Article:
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16 October 2017
In Bristol-Myers Squibb v Apotex,(1) the Federal Court of Appeal – in its first decision to consider the Supreme Court's landmark decision in AstraZeneca Canada Inc v Apotex Inc (Esomeprazole)(2) on the utility requirement(3) – overturned a finding of inutility made under the promise doctrine, with practical guidance for the requirement of a scintilla of utility.
Bristol-Myers Squibb sells the compound dasatinib as Sprycel, a drug used in the treatment of chronic myelogenous leukaemia. In a prohibition application under the Patented Medicines (Notice of Compliance) Regulations, Apotex alleged that a bare claim for the compound – Claim 27 of Canadian Patent 2,366,932 (the 932 patent) – was invalid due to a lack of utility.
Applying the promise doctrine analytical framework, before the release of Esomeprazole, the Federal Court found that there was an overarching promise in the 932 patent that dasatinib will "1) inhibit a Src-family [protein tyrosine kinase (PTK)]; 2) inhibit HER1 and HER2; and 3) be useful to treat a PTK-associated disorder or useful as anti-angiogenic agents". The Federal Court found that Bristol-Myers Squibb had data to prove the first of these claims, but not the second or third. The Federal Court thus concluded that Bristol-Myers Squibb had not met its burden to show that the entire overarching promised utility was either demonstrated or soundly predicted at the relevant date.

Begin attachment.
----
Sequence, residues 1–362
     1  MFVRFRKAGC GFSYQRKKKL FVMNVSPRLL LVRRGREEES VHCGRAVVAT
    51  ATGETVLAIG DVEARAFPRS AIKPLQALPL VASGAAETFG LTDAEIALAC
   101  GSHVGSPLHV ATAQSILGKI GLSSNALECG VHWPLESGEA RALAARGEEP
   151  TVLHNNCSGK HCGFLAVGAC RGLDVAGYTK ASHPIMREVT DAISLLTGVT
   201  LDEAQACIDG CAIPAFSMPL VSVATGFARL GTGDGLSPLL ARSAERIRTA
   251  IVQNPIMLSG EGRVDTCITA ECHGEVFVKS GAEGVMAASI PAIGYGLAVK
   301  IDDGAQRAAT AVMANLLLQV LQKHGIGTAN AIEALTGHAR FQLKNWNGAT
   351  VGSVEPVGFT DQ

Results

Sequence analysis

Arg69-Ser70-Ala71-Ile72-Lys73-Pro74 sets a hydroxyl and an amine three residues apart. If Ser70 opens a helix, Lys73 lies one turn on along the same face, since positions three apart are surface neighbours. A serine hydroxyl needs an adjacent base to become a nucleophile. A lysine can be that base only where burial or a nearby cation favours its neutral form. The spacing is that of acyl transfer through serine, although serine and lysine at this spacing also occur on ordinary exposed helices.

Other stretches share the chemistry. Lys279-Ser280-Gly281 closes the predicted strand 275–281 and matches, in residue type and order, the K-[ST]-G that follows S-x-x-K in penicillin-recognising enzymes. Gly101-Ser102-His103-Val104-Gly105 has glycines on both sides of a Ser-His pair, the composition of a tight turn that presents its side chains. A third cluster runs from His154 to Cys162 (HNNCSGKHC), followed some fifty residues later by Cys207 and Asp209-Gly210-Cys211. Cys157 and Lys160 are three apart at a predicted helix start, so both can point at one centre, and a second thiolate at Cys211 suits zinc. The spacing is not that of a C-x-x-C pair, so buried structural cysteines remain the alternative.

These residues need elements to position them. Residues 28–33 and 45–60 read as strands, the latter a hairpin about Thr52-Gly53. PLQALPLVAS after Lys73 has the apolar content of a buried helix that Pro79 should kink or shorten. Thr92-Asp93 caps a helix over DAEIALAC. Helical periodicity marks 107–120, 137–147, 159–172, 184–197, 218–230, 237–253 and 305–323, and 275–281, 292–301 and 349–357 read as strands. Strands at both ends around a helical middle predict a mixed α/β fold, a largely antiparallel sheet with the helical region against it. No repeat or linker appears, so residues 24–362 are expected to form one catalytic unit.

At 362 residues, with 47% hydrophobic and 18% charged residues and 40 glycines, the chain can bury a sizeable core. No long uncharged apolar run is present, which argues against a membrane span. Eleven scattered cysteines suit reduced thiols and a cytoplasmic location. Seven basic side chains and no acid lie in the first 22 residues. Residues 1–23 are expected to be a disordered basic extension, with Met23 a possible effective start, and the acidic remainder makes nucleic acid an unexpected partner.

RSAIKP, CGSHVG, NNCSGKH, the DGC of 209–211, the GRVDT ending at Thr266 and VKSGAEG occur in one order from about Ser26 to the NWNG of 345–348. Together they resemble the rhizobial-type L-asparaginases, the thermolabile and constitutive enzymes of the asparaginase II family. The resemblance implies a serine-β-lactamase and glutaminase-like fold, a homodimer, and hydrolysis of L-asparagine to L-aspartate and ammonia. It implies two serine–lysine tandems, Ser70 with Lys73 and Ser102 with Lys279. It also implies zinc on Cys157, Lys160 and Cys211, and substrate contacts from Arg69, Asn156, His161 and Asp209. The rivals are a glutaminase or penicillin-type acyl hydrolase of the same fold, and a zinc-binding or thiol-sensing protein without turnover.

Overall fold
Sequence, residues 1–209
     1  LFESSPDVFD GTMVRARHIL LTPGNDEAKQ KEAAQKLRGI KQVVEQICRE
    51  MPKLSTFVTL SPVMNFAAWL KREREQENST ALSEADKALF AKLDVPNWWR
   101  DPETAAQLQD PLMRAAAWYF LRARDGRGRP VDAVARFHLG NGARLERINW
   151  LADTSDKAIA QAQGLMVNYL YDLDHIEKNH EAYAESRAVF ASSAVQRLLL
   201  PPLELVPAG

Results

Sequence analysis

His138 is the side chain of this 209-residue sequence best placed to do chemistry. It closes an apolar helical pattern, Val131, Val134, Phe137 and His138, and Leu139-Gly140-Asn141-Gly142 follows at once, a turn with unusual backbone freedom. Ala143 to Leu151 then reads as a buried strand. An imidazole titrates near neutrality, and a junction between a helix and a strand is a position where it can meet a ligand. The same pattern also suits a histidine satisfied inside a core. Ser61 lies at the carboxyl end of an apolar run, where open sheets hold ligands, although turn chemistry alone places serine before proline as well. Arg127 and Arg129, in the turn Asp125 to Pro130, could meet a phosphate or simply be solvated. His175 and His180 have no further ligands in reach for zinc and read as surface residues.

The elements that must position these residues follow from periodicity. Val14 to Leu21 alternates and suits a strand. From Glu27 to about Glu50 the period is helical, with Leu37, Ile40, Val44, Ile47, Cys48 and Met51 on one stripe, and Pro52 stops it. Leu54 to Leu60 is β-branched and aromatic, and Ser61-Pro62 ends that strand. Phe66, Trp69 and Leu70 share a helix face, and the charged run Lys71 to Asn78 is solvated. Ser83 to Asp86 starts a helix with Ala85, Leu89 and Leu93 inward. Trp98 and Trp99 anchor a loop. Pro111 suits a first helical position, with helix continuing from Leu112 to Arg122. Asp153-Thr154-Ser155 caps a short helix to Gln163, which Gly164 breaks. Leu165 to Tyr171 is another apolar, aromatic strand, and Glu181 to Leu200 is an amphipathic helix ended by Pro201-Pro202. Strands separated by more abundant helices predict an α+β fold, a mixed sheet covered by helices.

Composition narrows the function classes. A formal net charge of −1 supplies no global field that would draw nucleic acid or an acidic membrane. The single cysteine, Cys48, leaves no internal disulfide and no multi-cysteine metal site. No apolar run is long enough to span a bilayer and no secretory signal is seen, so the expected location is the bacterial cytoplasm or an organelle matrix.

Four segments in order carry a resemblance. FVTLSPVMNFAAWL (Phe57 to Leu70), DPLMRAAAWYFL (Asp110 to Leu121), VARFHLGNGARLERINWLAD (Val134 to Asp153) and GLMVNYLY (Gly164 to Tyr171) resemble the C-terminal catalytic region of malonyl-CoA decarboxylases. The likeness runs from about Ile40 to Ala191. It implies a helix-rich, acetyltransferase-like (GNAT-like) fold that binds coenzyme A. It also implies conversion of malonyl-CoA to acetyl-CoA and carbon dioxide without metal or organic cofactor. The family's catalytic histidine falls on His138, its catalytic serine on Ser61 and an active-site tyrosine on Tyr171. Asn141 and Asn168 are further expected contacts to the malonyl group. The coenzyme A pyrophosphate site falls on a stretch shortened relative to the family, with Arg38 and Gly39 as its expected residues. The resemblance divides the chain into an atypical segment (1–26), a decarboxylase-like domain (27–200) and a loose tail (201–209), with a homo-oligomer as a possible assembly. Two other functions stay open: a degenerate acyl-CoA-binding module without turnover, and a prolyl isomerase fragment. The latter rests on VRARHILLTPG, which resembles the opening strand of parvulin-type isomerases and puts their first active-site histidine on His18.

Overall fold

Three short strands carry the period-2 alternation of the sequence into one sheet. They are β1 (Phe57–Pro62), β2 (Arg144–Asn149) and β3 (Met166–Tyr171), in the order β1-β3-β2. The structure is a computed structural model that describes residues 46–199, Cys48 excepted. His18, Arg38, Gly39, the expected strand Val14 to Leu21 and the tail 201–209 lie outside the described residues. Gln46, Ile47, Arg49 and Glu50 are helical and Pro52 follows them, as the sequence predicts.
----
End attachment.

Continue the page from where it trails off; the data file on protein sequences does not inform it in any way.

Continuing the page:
Following Esomeprazole, the Federal Court of Appeal reversed the Federal Court's decision. The court first noted that in Esomeprazole, the Supreme Court had unanimously abolished the promise doctrine. The court then applied the Supreme Court's two-step utility test.
First, in determining the claim's subject matter, the Federal Court of Appeal held that the subject matter of Claim 27 was merely the compound and not the potential therapeutic uses for dasatinib.
Second, in determining whether this subject matter was shown to be useful either by demonstration or sound prediction as of the filing date, the Federal Court of Appeal found that Bristol-Myers Squibb had demonstrated utility as it was conceded that it had demonstrated that dasatinib acted to inhibit Src-family PTKs.
As to the sort of discovery that will give rise to a scintilla of usefulness, the Federal Court of Appeal rejected Apotex's argument that the demonstration of "binding of dasatinib to certain isolated enzymes in a test tube" could not satisfy the utility requirement, holding as follows:
" I disagree. Establishing that a compound has the ability to inhibit a biological target implicated in disease is doubtlessly a useful discovery. Here, it was known as of the relevant date that enhanced activity of PTK was involved in many diseases, as stated in the specification and confirmed in the evidence of several of the experts. Thus, discovery of a substance that acted to inhibit certain PTKs represented an important advance and certainly meets the minimal utility requirements that are now applicable following the decision of the Supreme Court in Esomeprazole."
The Federal Court of Appeal set aside the judgment below in respect of the 932 patent and issued an order prohibiting issuance of a notice of compliance to Apotex for its dasatinib product until the patent's expiry.
The Federal Court of Appeal dismissed Bristol-Myers Squibb's appeal regarding a second patent, Canadian Patent 2,519,898, containing claims to the oral use of dasatinib for treatment of chronic myelogenous leukaemia and imatinib-resistant chronic myelogenous leukaemia. The court found no error in the Federal Court's finding that Apotex's obviousness allegation was justified.
For further information on this topic please contact Lynn Ing at Smart & Biggar/Fetherstonhaugh by telephone (+1 416 593 5514) or email (email@example.com). The Smart & Biggar/Fetherstonhaugh website can be accessed at www.smart-biggar.ca.
(1) 2017 FCA 190.
(2) 2017 SCC 36.
(3) For further details please see "Promise doctrine struck down and AstraZeneca's NEXIUM patent upheld as useful".
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